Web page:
Focus isn't confirming anything about the ad, though it's not a secret inside the organization. Reached by phone Tuesday, Focus media relations director Gary Schneeberger said: "I decline comment. Let's just say that. I have nothing to say."
But then he added: "If there is a Super Bowl commercial from Focus on the Family, I guess you'll just have to wait and see it during the Super Bowl. I can say Tim Tebow does not appear in any Focus on the Family ad." Schneeberger didn't say anything about Tebow's mother.
A source says the new head of Focus, Jim Daly, spoke at an evangelical conference a few months ago and unveiled the Super Bowl ad plan. Then he begged for donations from like-minded organizations. According to the source, Daly was given about $3 million, and Focus dipped into its general fund for the other $1 million.
Furman Bisher Atlanta Journal-Constitution: It's not necessary that an athlete break into tears after losing a game to prove that he's human. In Tim Tebow's case, it just certified him as more than just an athlete, He has lived his life admirably, contributed to those in need of his counsel, and thus, no certification was needed. I've watched him in high times, and when the game hasn't gone his way, but the man inside never changed. Long after he puts the pads and uniform away, he will still be making his way on the high side of life, making all those around him better for it.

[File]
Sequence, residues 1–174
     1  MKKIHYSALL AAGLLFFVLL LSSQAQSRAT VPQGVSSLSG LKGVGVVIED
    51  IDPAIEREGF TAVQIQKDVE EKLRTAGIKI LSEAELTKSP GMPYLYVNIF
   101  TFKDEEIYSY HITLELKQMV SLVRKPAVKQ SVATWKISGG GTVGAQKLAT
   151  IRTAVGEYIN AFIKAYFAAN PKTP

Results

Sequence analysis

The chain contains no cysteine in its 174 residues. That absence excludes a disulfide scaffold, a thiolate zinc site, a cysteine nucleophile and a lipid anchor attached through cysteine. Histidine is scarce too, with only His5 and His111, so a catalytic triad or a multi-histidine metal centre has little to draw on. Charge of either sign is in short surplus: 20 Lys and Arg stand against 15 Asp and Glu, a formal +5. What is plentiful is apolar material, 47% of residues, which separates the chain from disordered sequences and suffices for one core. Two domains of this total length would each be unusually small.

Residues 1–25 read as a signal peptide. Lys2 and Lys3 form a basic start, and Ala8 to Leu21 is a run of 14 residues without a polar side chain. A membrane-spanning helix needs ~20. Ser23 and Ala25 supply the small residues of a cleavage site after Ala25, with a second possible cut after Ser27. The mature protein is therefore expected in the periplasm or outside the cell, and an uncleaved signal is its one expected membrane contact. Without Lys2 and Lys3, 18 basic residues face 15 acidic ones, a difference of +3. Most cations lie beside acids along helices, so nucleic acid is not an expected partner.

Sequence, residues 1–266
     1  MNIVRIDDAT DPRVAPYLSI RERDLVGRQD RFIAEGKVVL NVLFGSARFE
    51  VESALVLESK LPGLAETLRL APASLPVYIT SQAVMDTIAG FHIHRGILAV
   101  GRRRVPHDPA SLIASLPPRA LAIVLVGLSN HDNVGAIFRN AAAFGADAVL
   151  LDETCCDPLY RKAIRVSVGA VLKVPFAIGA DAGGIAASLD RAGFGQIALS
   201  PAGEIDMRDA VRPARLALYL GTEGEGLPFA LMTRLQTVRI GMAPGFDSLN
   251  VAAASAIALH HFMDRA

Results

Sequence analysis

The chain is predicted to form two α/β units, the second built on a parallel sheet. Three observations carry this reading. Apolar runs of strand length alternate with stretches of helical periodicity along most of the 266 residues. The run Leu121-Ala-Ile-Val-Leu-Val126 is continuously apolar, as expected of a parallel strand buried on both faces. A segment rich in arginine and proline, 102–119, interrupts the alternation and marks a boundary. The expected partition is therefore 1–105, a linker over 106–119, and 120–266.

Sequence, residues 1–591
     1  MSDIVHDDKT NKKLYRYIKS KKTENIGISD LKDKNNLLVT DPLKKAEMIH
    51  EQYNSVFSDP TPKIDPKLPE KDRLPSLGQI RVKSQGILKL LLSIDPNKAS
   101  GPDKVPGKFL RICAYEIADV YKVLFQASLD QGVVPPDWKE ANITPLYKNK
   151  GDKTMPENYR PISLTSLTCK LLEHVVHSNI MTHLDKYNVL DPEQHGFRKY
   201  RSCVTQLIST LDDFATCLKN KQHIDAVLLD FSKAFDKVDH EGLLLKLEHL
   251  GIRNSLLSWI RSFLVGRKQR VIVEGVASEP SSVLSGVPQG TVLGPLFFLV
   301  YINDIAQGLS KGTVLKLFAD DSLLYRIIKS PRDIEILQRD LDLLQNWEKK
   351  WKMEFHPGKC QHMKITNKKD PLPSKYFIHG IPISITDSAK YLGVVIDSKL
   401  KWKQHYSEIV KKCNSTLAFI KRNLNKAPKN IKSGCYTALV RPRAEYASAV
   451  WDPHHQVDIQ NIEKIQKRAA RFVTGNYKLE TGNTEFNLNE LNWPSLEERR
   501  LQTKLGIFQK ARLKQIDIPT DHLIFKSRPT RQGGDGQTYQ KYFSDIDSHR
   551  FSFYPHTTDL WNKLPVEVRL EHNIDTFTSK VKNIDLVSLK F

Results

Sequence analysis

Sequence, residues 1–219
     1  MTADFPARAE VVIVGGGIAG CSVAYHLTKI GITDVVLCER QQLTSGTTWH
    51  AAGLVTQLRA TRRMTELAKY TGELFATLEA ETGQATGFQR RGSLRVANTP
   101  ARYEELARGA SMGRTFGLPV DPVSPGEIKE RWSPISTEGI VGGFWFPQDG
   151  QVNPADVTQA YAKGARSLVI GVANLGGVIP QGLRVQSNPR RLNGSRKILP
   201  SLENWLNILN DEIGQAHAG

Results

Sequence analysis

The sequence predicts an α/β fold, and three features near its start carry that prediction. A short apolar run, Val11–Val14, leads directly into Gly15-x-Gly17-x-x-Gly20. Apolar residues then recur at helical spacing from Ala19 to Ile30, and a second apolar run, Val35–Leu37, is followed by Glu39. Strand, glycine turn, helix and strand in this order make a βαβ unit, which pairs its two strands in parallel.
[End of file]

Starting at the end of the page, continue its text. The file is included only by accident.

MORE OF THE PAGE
Vince Dooley, former Georgia football coach and athletic director:
I would have to say of all the athletes I’ve seen in my life – Herschel Walker – that Tim might be the best when you take everything into consideration. I’m talking about football, athleticism, competitiveness, character, student, self-discipline, service, charity, role model. When you combine all of those things, I don’t think there’s ever been anyone quite like Tim Tebow. Nor may there ever be anyone quite like him again.
Ron Higgins, Memphis Commercial-Appeal:
There might be football players in SEC history as good as Tim Tebow. Georgia running back Herschel Walker comes to mind.
But no player in this conference has ever had a greater impact off-the-field than Tebow. He made it cool to be a Christian. He made it acceptable to flatten a defender over at the goal line, then give him a hug during a postgame handshake and tell him "God Bless."
He made a lot of players, especially those in the spotlight, think about their responsibility of being a leader that everyone admired, someone that gives back more than he takes. No player, in my 30 years of covering the SEC, has been more universally respected than Tebow.
And in these days of me, me, me, that speaks volumes.
Dan Johnson, Trinity United Methodist Church, Gainesville, Fla.:
Tim Tebow has captivated the hearts and spirits of all of us here in Gainesville and all across Florida and beyond. He has shown in brilliant colors that it really is possible to live an extraordinary life; it is possible to be a superlative sports figure and also amazingly humble, to be "bigger than life" and also kind, gracious, authentic, and good. He is the "real deal" - his actions match his words and his words match his eye black and his eye black matches his heart. More than any other individual I know, he has used his stage, authentically and genuinely, to share his deep Christian faith in a positive way. I love who he is, and I love that my Grandkids have had a chance to know him and admire him, and also have their picture taken with him, when he graciously offered to sign my Grandson's leg cast. That's the kind of guy he is!